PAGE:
Den vetenskapliga kontroversens roll: miljöargument mot massateknik under 1900-talet2005In: Polhem : Tidskrift för teknikhistoria, ISSN 1653-4964, Vol. 2, p. 43-64Article in journal (Refereed)
  • 26.
    Söderholm, Kristina
    Luleå University of Technology, Department of Business Administration, Technology and Social Sciences, Social Sciences.
    En djärv "miljö"-satsning i Luleå vid sekelskiftet 1900: uppbyggnaden av VA-systemet2007In: Stadsarkivets årsbok, Luleå: Luleå kommun. Stadsarkivet , 2007, p. 15-38Chapter in book (Other (popular science, discussion, etc.))
  • 27.
    Söderholm, Kristina
    Luleå University of Technology, Department of Business Administration, Technology and Social Sciences, Social Sciences.
    Environmental awakening in the Swedish paper and pulp industry: pollution resistance and firm responses in the Early 20th century2009In: Business Strategy and the Environment, ISSN 0964-4733, E-ISSN 1099-0836, Vol. 18, no 1, p. 32-42Article in journal (Refereed)
    Abstract [en]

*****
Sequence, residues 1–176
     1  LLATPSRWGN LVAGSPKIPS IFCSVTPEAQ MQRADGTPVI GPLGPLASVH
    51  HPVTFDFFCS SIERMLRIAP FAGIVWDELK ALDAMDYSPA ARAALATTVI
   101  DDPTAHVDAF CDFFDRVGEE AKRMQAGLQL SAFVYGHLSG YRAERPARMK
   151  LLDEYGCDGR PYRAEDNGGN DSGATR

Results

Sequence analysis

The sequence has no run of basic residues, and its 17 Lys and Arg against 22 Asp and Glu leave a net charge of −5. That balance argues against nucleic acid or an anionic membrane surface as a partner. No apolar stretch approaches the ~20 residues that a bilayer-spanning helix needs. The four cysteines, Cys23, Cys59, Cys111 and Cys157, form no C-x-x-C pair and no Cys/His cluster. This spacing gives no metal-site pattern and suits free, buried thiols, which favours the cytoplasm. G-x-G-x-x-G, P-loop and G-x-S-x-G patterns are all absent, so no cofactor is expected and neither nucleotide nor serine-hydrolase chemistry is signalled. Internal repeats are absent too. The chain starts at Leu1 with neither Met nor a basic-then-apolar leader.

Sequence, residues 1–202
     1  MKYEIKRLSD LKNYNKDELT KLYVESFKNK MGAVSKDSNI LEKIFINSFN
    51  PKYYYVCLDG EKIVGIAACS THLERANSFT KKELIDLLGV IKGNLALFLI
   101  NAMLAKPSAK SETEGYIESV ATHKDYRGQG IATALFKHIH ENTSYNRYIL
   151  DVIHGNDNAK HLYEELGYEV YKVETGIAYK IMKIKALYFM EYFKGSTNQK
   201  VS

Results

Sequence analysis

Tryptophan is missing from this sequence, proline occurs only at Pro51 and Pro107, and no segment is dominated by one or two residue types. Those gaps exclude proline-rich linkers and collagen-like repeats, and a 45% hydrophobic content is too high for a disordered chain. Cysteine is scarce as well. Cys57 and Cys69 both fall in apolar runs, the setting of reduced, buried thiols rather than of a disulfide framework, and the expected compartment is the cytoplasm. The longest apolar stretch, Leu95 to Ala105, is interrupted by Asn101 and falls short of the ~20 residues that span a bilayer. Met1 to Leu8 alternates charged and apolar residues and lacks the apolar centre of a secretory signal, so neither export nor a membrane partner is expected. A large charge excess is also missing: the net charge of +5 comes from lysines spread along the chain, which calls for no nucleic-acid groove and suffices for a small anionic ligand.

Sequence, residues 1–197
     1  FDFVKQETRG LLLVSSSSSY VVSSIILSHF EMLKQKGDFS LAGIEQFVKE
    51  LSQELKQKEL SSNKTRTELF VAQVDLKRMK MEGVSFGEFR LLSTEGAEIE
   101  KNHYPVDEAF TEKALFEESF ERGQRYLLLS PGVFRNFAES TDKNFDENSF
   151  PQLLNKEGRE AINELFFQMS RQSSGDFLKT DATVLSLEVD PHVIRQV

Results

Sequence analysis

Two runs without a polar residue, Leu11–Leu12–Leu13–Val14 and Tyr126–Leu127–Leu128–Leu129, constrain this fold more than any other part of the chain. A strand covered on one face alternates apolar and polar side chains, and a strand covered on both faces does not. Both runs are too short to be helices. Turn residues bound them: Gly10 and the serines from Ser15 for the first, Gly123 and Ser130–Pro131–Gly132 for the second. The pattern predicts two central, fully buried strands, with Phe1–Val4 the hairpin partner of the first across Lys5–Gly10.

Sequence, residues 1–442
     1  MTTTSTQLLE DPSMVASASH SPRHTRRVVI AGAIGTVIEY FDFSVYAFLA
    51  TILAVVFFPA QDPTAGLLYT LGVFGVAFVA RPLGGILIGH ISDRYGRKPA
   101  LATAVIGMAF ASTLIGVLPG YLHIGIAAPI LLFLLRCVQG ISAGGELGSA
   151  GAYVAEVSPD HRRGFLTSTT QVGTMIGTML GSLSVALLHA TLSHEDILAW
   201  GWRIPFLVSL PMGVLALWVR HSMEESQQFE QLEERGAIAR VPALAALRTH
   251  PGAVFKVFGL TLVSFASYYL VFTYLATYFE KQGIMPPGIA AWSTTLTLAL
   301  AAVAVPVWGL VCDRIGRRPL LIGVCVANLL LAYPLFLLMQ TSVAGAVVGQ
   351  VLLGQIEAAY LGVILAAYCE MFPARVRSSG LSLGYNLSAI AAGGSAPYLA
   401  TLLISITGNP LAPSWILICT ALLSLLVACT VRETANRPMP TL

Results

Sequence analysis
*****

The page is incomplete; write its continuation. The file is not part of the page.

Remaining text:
The purpose of this article is to analyse in what way a conflict in the early 20th century (1904-1911) over a Swedish pulp mill's emissions into air and water impacted on the technology choices and strategies of the mill. The article also analyses what characterized the company's other responses to the complaints, in the form of counter-arguments, as well as engagement of experts. The access to information about the deliberations at the mill's board meetings is very rare in historical studies of company behaviour in relation to the environment, and provides us with a unique opportunity to comprehend in what way business strategies were developed during the course of the conflict. Technology choices are often characterized by the search for knowledge that enables a company to employ existing but not yet developed technical potentials, rather than choices between known technical solutions. We emphasize that this is particularly evident in a case where a company is forced to alter its technology in order to solve previously unknown environmental problems. In spite of a persistent search, the mill did not find any ready-made technological solutions to the environmental problems faced and was therefore forced to engage scientific expertise and even initiate basic scientific research. In 1911, the Swedish Supreme Administrative Court ordered the mill to undertake a number of pollution abatement investments. Interestingly - and partly in line with the so-called Porter hypothesis - the long-run economics of these investments turned out to be more favourable than anticipated prior to the verdict